Diversity, equity and inclusion (DEI) efforts are an essential component of university campuses, championed as a way to increase diversity, foster community and engender inclusivity. However, DEI has recently become a subject of attack by politicians.
In early February of this year, Florida Gov. Ron DeSantis announced his intention to dismantle DEI initiatives statewide. He seems to be using the Manhattan Institute’s recently released model legislation which details ways to “reform” public universities: abolishing DEI bureaucracies, removing mandatory diversity training, curtailing political coercion and ending identity-based preferences.
Many conservative lawmakers and political activists view DEI as a thinly-veiled way of promoting “reverse bias.” Though Hopkins is not a public university, DeSantis’ staunch commitment to the demolition of DEI programs serves as an important reminder that diversity and inclusivity is not guaranteed, and there is more work to be done to create opportunities for diversity within academia.
The lack of representation in higher education is a widespread issue across the United States, and university faculties tend to be less diverse than their student bodies. In 2020, 13.1% of the student body at four-year, postsecondary institutions was Black, while only 7% of faculty was Black. 20.3% of postsecondary students were Hispanic, compared to 6% of faculty members. In comparison, white faculty members are actually overrepresented — while only 55% of students at these institutions were white, 70% of faculty was white.
The U.S. has made significant strides in increasing the number of undergraduates of color. However, faculty diversity is not increasing at the same pace as student diversity; between 1997 and 2017, the percent of nonwhite students increased by 17% while the percentage of nonwhite faculty increased by only 10%.
Research shows that institutions tend to rely on traditional hiring methods that draw from white, male networks when selecting faculty members. Meanwhile, people of color report experiencing racism in graduate programs, which can deter one from pursuing a career in academia.
The national issue of underrepresentation in academia can be found on our own campus. In 2019, only 6% of full-time professorial faculty was Black and only 4% was Hispanic. Although the number of underrepresented minority professors has been increasing since 2015, the change has not been large enough to have a substantial impact on the University’s staff composition.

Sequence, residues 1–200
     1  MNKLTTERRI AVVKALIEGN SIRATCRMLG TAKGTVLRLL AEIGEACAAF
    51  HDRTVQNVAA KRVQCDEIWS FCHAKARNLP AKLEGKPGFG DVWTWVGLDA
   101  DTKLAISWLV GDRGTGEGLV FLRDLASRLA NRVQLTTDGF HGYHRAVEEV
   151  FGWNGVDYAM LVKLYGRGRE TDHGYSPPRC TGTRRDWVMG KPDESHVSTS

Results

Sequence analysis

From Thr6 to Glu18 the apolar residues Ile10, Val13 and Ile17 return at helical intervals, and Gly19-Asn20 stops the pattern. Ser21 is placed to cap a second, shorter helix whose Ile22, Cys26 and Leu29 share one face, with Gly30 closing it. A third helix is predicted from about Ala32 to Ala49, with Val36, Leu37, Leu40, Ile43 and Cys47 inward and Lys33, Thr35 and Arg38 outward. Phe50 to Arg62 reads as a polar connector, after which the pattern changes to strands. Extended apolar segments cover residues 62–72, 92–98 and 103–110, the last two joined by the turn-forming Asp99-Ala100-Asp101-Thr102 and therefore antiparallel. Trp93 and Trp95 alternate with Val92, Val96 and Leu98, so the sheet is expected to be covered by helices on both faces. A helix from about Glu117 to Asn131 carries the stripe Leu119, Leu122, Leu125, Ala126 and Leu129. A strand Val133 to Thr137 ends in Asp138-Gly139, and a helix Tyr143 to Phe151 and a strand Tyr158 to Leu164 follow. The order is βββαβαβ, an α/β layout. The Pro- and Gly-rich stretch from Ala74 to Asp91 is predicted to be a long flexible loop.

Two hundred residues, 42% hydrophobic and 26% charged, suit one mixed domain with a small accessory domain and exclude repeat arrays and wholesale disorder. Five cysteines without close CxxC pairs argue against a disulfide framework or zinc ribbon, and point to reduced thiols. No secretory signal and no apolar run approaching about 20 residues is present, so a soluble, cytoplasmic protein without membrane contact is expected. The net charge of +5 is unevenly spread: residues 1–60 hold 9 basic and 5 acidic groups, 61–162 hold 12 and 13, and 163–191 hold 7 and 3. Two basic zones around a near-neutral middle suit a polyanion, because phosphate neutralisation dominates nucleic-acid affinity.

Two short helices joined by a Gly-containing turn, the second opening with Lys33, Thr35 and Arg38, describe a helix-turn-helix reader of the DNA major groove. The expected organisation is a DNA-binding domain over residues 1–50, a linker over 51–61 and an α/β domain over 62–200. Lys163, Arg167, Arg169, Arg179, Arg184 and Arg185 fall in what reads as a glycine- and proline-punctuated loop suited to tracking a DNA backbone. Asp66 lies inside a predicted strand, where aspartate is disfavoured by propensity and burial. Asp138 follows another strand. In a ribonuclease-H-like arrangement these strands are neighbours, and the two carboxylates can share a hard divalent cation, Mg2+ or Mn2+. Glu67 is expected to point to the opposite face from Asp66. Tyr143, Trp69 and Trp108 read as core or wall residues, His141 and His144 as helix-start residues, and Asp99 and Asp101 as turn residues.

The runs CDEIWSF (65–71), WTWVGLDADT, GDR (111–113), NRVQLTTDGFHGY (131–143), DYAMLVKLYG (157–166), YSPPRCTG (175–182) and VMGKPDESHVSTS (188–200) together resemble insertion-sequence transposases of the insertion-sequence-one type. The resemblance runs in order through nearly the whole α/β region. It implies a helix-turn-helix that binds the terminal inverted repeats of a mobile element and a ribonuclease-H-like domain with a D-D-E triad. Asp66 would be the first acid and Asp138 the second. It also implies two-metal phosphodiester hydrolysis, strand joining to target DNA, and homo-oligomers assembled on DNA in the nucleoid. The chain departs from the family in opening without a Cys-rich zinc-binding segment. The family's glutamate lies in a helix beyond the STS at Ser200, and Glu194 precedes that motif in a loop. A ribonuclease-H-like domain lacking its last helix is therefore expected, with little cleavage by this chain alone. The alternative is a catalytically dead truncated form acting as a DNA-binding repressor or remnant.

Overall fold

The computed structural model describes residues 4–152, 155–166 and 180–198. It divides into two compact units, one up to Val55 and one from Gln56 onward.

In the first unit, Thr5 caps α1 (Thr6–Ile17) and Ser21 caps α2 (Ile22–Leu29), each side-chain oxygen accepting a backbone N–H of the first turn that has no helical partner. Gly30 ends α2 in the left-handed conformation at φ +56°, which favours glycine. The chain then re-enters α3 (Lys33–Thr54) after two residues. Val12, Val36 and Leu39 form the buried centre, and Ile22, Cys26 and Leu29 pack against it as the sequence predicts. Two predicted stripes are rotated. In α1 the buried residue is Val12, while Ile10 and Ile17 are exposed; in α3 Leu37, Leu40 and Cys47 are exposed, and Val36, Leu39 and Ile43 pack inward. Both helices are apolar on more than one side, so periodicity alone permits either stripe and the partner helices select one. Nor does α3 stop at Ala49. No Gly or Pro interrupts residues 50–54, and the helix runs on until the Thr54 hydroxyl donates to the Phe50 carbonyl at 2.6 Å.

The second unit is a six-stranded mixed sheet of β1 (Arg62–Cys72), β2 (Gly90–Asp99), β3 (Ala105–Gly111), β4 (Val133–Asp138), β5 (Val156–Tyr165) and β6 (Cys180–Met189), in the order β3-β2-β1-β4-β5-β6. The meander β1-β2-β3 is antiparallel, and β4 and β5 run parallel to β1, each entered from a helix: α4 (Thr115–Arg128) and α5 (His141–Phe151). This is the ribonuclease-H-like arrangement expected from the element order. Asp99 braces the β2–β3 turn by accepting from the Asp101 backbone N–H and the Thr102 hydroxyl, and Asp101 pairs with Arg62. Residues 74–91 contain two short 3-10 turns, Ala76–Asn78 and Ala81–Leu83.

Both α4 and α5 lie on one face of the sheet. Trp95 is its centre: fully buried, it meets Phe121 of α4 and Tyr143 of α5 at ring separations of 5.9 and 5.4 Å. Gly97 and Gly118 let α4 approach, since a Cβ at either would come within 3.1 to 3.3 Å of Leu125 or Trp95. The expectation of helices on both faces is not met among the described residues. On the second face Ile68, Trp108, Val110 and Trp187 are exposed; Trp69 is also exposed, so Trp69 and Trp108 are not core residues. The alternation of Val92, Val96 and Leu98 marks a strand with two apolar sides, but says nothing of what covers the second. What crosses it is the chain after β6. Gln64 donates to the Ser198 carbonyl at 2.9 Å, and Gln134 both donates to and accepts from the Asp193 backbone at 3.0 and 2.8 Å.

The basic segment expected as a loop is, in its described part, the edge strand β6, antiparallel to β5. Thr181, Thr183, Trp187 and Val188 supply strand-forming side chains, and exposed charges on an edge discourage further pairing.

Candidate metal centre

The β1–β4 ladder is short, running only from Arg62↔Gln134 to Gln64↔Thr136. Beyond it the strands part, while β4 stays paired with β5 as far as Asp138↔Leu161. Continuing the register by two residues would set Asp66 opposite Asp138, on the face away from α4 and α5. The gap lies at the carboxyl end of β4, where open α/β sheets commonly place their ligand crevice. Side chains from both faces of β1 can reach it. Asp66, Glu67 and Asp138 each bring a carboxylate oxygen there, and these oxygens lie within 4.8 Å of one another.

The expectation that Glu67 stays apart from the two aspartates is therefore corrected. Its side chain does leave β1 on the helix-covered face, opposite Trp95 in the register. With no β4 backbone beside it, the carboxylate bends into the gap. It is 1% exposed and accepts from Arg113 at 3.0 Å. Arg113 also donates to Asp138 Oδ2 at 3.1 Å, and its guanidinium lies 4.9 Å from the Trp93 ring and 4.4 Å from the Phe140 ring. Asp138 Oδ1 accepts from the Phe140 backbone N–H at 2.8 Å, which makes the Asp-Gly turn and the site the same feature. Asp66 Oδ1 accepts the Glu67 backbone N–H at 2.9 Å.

In 2015, the University launched its Faculty Diversity Initiative (FDI) and put $25 million toward reconstructing its hiring practices and promoting a more diverse faculty. As a part of the FDI, the University established the Fannie Gaston-Johansson Faculty of Excellence Program (FGJFEP), an effort that has led to the hiring of 35 tenure track faculty since 2015. In November 2022, the University announced plans to make an additional 13 new faculty hires under the support of FGJFEP.
We value the University’s efforts to increase faculty diversity, and we’re not the only ones who see this as a priority: in a 2022 survey of high school seniors, 31% said diversity in college faculty and staff was a must-have.
It’s not only important that college students feel represented by their professors but also by the courses their universities offer. With critical race theory and AP African American Studies under attack by Republican politicians, U.S. public school educators are facing a “minefield” as they attempt to teach about subjects like slavery and segregation.
If students aren’t adequately learning about these issues in K–12, higher education institutions have a responsibility to their students and society to make sure they offer plenty of courses on the subjects. Private institutions like Hopkins have a unique opportunity to set the standard because they have more freedom over their curricula.
Hopkins can do more to ensure representation in course offerings, beginning with making the Center for Africana Studies an academic department. Students have been calling for an Africana Studies department since the 1990s. As it currently stands, the program struggles to provide students with resources and events due to its limited budget. Though the University suggested developing the Center into a department last academic year, there haven’t been any public updates about the matter.
Increasing representation among college faculty may take time due to the low numbers of underrepresented minority doctoral students. Yet, by making Africana Studies its own department, we can at least increase representation in the courses and material available to Hopkins students.
The issue of representation in higher education is a long-standing, systemic issue, and we don’t have a quick solution to offer. However, just because a lack of representation is part of the University’s past and present does not mean we have to accept it as part of our future. It’s important to be cognizant of the disparities that persist in higher education and do all we can to remedy them. Gains have been made, but we can’t become complacent. Students prioritize diversity and representation — universities should, too.
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